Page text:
my one refuge was always the cinema, where I’d sink into my own personal grammar of solitude, where I couldn’t feel the eyes of the world and didn’t need make-up, where the flickering screen was the bright shining mirror in which I could see my own reflection, where I loved myself, where I could gaze at myself and float in the delicate, brittle light that washed away all the world’s troubles, where I could lose myself in the light and imagine myself hovering weightlessly over the darkened auditorium, its streaming light contained so many stories and those stories were my life, French dramas with implausible plots and crooked cops and their floozies who weren’t ashamed to be women and liked money and smoked their cigarettes and were mad but happy, they were behind the times but happy while I was modern and tormented by the weight of the world’s expectations, attitude was my way of disguising fear, the cinema was my home where I could close my eyes and float in its lunar gravity for hours on end, bathed in its light where nothing would find me and no-one would talk, for as long as the film lasted the world was peaceful and silent, and when my sadness was wide as the ocean I’d stay and watch film after film and lose myself for whole afternoons in that vast, luminous sea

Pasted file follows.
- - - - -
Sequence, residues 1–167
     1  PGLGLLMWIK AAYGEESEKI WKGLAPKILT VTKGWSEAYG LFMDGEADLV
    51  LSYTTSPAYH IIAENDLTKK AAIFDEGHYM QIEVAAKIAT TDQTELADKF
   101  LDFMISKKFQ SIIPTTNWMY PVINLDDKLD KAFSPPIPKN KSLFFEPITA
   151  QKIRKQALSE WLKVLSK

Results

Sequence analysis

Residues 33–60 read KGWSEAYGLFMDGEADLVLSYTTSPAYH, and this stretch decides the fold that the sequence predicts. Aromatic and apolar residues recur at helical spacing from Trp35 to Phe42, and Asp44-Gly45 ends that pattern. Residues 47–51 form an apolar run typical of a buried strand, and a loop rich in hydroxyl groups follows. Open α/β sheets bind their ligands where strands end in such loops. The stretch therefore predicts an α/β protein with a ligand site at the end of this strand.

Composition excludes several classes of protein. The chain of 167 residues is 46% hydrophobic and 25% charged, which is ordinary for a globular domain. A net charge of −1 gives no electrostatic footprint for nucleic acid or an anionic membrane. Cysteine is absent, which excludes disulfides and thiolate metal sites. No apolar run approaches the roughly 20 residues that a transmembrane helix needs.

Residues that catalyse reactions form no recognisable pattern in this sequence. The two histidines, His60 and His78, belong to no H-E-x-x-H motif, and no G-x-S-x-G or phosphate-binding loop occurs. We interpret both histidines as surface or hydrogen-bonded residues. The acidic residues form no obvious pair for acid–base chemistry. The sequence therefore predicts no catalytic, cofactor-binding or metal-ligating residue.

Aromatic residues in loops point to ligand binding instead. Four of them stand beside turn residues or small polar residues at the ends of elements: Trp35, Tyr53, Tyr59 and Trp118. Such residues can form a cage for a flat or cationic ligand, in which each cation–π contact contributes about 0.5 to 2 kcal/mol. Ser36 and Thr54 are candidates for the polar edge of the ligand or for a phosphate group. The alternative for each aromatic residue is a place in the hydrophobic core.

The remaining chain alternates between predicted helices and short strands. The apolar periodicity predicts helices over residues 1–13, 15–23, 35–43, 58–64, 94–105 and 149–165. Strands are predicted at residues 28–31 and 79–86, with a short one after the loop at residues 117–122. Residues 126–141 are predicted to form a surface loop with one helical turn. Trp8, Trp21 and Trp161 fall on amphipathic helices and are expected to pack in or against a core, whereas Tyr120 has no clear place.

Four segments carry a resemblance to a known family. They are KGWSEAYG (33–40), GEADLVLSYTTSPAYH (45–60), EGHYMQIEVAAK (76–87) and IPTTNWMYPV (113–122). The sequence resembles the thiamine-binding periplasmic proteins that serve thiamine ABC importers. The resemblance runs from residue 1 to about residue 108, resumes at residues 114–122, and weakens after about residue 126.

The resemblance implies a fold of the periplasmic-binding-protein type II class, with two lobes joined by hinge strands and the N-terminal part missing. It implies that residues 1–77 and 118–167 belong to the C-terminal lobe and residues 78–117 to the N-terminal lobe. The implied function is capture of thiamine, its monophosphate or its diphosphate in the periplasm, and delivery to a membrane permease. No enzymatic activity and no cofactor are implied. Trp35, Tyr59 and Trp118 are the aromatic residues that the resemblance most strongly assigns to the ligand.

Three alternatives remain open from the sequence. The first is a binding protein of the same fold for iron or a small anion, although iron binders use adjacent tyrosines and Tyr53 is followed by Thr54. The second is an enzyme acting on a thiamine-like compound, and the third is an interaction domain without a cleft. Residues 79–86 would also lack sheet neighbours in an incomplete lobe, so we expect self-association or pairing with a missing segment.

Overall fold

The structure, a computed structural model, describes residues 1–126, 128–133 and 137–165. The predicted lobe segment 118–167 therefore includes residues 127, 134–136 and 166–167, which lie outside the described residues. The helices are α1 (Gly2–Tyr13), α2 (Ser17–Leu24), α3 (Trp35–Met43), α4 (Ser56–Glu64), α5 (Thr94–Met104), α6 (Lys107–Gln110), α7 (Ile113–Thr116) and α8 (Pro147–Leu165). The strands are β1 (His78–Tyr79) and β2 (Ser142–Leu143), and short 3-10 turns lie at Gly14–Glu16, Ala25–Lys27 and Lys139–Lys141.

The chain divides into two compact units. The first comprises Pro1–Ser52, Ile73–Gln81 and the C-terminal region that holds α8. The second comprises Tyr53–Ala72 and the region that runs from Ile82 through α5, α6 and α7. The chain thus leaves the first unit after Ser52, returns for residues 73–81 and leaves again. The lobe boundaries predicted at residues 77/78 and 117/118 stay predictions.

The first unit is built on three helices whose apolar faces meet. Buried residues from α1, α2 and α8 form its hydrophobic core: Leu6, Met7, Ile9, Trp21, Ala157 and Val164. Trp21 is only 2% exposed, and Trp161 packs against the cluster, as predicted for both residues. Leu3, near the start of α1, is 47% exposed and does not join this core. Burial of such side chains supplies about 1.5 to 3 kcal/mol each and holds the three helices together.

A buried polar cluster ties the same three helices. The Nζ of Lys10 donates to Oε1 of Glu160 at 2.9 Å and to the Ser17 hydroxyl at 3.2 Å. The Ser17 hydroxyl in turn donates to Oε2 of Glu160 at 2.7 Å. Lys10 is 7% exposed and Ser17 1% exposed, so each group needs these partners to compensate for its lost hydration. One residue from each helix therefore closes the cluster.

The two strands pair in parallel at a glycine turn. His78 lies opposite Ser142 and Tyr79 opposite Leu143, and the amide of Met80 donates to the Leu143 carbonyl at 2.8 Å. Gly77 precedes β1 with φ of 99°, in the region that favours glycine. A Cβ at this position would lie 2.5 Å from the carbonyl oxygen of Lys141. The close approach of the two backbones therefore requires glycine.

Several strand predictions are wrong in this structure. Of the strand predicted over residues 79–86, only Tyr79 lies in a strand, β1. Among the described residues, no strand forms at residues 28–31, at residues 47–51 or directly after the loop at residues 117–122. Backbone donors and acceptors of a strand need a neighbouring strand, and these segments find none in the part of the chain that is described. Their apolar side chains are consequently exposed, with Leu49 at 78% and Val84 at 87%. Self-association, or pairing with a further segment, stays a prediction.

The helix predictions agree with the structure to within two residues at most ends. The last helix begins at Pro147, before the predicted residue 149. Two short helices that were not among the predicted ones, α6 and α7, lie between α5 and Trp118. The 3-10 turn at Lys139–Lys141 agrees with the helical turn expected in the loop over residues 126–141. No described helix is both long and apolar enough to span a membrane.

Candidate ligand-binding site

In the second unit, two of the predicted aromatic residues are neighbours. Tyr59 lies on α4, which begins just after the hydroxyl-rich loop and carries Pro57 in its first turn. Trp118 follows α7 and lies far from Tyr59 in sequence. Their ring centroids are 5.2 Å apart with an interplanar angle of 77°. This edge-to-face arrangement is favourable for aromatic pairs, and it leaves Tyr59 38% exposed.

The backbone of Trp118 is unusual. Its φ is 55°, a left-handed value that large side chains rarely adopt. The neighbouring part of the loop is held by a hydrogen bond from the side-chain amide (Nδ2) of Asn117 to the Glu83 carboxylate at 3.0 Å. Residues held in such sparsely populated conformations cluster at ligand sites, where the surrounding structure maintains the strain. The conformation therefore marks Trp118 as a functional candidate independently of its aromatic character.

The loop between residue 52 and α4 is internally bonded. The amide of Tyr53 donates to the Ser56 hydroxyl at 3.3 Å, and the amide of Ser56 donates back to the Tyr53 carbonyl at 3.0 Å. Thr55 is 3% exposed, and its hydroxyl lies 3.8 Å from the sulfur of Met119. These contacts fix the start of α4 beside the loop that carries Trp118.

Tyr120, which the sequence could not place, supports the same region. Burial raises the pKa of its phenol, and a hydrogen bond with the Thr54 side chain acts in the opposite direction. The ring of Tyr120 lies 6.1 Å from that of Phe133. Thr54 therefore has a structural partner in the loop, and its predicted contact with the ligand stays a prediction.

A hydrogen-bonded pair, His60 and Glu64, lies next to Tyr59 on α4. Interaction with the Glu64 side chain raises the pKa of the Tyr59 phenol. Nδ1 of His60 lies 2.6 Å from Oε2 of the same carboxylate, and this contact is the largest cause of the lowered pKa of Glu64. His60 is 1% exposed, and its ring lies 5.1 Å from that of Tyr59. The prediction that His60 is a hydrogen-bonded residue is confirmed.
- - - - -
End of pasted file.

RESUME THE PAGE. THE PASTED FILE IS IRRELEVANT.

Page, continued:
come here, yes now